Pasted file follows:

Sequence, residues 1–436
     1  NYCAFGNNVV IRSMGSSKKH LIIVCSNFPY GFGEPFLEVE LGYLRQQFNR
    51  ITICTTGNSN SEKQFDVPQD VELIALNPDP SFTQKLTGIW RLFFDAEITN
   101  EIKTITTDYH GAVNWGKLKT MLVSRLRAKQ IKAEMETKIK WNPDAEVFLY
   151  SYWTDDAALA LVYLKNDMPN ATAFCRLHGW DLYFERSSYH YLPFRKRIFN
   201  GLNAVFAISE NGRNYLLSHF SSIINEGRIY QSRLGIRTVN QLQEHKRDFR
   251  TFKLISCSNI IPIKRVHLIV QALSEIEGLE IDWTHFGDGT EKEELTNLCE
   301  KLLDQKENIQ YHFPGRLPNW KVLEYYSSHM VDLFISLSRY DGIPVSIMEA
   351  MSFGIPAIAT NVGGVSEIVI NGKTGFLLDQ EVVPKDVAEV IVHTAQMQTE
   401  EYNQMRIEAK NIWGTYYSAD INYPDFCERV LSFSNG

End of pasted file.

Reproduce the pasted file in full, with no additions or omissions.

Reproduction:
Sequence, residues 1–436
     1  NYCAFGNNVV IRSMGSSKKH LIIVCSNFPY GFGEPFLEVE LGYLRQQFNR
    51  ITICTTGNSN SEKQFDVPQD VELIALNPDP SFTQKLTGIW RLFFDAEITN
   101  EIKTITTDYH GAVNWGKLKT MLVSRLRAKQ IKAEMETKIK WNPDAEVFLY
   151  SYWTDDAALA LVYLKNDMPN ATAFCRLHGW DLYFERSSYH YLPFRKRIFN
   201  GLNAVFAISE NGRNYLLSHF SSIINEGRIY QSRLGIRTVN QLQEHKRDFR
   251  TFKLISCSNI IPIKRVHLIV QALSEIEGLE IDWTHFGDGT EKEELTNLCE
   301  KLLDQKENIQ YHFPGRLPNW KVLEYYSSHM VDLFISLSRY DGIPVSIMEA
   351  MSFGIPAIAT NVGGVSEIVI NGKTGFLLDQ EVVPKDVAEV IVHTAQMQTE
   401  EYNQMRIEAK NIWGTYYSAD INYPDFCERV LSFSNG